James’s father owned a convenience store on a cobbled alley not far from the Wimbledon Courts. Locals frequented the place for penny stamps and sweets and a limited selection of household goods. Now that James was sixteen, his father asked him to do errands on a regular basis, sometimes meeting sugar suppliers on the Thames to increase the next week’s order, or balancing the books and recording profit margins. Often he came to work at the shop after school let out, even more since his father hired Sophie to work behind the counter. She was the same age as James and had just finished her last year of schooling in Barns Green, a countryside village south of London. Seeking employment, she made her way closer and closer to London’s smog-cloaked middle, until she chanced upon the shop.
Sophie was plain, but James only saw the smoothness of her skin and the blue of her eyes, a blue like the sky on a windy day. Upon introduction, her slight fingers reached out from a threadbare sleeve to grasp his hand in an earnest handshake, while her face, animated with trepidation for the booming city, betrayed her need for a companion. A few days later, while James sat in the corner, shuffling bills into order, a movement in the store caught his eye. He saw Sophie leaning close to a woman who was stooped over and gnarled with age. As the old lady croaked out a list, “bread, milk, tea, scones,” Sophie spun around the shop, reaching on tiptoe to whisk something off a shelf one moment, then bowing low to the ground to fetch something else the next. As James watched her slender frame weaving through the store, he felt that she was dancing, bearing loaves of rye in a box step and bottles of milk in a promenade.
Many people James knew treated him with a condescension he had come to loathe. He knew that in their minds he was a motherless child raised without proper etiquette. He was a bashful nobody, an oddity, who would never make much of himself. But Sophie, dear Sophie, was not a local. She treated James just like she treated everyone else.
“How do you do today, Master James?” Sophie asked whenever he visited the store. At first, James could only manage a small nod or the faintest of smiles. With time, he managed to form, “Very well, thank you,” and then, with great effort, “Very well, thank you, and yourself?” to which Sophie would respond with news of the day until James rushed away to regain control of his pounding heart. Once, he had watched a young neighborhood lad walk into the store and ask Sophie if she wanted to go to the pub for a pint later that evening. She accepted, and James felt like he had been punched in the gut. The warm glow that suffused her pale skin after the youth left filled James with an emotion he had never felt before and his gentle hands closed into tight fists.
Later that evening, James danced in the warehouse as usual, but his mind was circling far above the clouds, in the heartrending sphere of first love and envy. “Where are you tonight, James?” a plump woman squinted up at him through her spectacles. Perceiving the dilemma behind his flushed cheeks and far off eyes, she chuckled and pressed his fingers between her own matronly hands when they finished a waltz. “It’ll be alright, laddy. There is always a way to a young woman’s heart. Ask her to a dance, why don’t you?”
James brightened at the prospect. Yes, perhaps Sophie would spin into his world, skirt twirling around her ankles, and dance with him all night if only he had the gumption to ask. The next moment his stomach began churning and boiling with fear. Sophie would reject him, he was sure of it. She would be polite, but inside she would scoff at his audacity and pity him all the more for it. Dark shadows of distress flitted across his face, and he drew away from the warehouse throng to watch their joy from the musty sidelines, feeling lonelier than ever before.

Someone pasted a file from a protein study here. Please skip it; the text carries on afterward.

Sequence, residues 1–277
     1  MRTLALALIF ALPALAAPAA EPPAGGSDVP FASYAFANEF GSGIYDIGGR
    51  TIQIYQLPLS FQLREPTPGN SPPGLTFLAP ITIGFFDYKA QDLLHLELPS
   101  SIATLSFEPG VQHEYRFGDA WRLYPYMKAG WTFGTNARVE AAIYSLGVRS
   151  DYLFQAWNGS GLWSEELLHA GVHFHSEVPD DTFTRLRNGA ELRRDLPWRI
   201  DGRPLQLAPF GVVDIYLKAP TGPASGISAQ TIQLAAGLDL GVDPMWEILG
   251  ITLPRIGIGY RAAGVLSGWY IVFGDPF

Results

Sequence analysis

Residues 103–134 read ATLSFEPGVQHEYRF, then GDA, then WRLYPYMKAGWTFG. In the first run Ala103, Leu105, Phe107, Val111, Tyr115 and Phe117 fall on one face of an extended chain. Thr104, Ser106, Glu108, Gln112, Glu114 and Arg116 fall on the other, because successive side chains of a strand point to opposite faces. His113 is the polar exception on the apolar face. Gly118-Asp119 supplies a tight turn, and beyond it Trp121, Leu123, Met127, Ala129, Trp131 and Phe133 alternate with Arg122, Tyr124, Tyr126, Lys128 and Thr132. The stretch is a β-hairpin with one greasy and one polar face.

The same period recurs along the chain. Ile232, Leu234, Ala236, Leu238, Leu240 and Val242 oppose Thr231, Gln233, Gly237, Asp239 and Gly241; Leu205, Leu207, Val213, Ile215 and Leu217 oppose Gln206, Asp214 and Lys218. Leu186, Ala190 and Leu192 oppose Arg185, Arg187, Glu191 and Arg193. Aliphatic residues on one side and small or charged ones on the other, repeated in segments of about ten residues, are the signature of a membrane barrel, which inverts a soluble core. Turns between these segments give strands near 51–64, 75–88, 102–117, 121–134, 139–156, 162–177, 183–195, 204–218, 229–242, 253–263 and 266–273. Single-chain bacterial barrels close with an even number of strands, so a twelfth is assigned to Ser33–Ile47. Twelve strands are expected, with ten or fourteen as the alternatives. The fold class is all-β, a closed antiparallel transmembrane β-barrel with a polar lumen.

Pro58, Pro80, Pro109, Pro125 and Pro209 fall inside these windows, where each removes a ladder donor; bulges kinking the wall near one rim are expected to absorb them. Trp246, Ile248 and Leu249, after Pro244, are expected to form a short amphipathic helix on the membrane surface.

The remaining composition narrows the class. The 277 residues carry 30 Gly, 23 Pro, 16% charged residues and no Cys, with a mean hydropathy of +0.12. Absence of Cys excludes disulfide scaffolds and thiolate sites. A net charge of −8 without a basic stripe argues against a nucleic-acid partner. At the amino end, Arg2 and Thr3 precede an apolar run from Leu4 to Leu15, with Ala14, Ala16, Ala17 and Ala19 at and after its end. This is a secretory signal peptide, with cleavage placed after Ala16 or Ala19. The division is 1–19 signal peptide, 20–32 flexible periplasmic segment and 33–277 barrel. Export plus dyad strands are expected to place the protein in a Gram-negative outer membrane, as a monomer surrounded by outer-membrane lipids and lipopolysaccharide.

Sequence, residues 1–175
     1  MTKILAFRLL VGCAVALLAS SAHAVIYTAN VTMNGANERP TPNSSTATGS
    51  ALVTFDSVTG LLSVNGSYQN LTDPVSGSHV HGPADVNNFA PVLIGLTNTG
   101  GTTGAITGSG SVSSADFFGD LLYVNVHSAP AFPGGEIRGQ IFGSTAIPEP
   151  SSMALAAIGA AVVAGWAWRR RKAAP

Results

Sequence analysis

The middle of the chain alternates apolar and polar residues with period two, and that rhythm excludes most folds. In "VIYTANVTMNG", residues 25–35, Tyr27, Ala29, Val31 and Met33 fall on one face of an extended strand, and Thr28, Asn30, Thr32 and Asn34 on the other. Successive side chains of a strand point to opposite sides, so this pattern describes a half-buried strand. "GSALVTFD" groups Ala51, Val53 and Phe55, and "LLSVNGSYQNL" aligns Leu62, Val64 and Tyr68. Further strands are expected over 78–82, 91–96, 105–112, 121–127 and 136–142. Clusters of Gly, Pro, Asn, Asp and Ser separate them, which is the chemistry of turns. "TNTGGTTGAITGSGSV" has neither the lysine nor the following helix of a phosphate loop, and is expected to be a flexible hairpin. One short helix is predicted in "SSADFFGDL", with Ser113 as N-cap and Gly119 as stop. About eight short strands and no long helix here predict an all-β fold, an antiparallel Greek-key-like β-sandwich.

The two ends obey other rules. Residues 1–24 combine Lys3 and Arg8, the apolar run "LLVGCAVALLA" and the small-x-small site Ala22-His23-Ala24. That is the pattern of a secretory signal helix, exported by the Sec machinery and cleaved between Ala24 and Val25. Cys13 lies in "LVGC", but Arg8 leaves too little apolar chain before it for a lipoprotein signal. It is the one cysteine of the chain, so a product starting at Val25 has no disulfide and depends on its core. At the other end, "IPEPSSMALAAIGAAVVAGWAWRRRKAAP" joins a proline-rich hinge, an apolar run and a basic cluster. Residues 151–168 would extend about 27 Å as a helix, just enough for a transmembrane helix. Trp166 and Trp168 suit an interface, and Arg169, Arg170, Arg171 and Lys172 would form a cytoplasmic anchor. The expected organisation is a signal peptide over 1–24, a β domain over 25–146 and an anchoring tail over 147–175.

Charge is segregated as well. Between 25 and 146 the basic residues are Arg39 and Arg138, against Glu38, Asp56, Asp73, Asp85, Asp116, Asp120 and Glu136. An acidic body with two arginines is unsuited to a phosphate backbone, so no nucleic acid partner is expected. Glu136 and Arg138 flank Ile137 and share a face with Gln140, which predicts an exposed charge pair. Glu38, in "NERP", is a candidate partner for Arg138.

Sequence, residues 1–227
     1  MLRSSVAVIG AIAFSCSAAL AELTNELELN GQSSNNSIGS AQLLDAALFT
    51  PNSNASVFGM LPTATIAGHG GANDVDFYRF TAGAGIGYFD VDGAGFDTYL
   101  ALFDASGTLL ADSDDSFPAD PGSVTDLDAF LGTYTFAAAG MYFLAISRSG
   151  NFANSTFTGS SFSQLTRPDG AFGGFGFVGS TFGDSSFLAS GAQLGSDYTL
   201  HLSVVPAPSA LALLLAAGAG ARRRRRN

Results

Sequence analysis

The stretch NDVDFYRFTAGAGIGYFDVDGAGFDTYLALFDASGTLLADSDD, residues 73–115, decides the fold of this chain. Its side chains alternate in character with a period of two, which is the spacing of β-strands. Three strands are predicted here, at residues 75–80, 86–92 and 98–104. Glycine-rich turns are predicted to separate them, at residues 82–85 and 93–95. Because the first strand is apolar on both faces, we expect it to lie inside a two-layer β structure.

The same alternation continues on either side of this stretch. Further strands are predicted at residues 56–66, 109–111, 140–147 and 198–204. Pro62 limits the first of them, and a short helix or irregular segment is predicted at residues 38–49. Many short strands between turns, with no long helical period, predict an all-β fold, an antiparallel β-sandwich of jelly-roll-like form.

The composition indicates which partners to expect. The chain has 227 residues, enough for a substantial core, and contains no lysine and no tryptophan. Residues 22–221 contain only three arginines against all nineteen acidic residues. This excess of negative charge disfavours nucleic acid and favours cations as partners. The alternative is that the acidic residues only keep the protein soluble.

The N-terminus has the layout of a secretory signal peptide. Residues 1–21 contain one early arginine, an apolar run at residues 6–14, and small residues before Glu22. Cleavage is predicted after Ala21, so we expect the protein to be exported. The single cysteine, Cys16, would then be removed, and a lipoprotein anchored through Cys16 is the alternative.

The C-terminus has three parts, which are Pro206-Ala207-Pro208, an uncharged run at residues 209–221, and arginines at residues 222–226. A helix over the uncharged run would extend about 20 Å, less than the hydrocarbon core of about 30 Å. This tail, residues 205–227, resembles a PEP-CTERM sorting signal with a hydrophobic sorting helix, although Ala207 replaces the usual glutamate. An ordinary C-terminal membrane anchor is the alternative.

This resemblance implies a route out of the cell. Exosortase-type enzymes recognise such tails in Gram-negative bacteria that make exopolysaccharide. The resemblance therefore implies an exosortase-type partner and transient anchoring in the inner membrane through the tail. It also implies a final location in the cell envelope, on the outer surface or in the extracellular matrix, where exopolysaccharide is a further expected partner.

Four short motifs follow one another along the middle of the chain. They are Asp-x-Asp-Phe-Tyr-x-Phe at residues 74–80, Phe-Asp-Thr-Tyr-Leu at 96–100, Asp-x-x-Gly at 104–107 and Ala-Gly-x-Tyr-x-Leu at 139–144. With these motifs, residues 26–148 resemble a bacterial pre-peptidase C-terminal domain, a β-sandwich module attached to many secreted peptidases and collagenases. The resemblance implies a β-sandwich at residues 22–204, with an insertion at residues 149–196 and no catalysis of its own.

James lay awake at night, thinking of Sophie, trying not to think of Sophie. He was unable to banish visions of taking her hands in his own and floating around the dance floor, twirling her again and again, her eyes glittering with laughter. Then something would go wrong, he would tread on her foot, or she would decide she didn’t like dancing, or worst yet, she’d leave him to dance with one of the better-looking boys in the room. Cold sweat plastered his skin to the sheets. He was afraid to see Sophie now, terribly afraid that those sky blue eyes would never look at him as he looked at her.
Though James had been dreading it for days, the moment finally came when his father asked him to look over the books again. Unable to disobey him, James crept into the shop with downcast eyes later that afternoon. Customers were gossiping with Sophie about the latest neighborhood scandal; she greeted James with a nod of acknowledgment before carrying on with her conversation. Business was booming, and the books were a mess. As he set to work with agitated determination, he caught a reflection of himself in the shop’s window. The window, so cold and impartial, was a cruel mirror. His undefined jawline and crooked nose seemed unbearably ugly. He trembled as he organized receipts, casting furtive glances in Sophie’s direction while she busied herself with closing up shop. She caught him looking at her and smiled at him with all the sweetness James loved her for. An unwelcome heat flushed his freckled skin; there was nowhere to hide, nowhere to escape.
Sophie drew the shutters down over the window and stepped towards the door to leave. As she turned to bid him goodnight, James looked at her and saw a question in her eyes, a gentle raising of eyebrows that soothed his fluttering heart. The question died away as James stood before her, mute and rigid, and she turned her gaze towards the floor, mumbling goodnight. James knew he had but a single moment to act before she would move away from him forever and remember him but dimly, with little affection. “Will you dance with me tonight?” he asked.
It was the bravest moment of his life.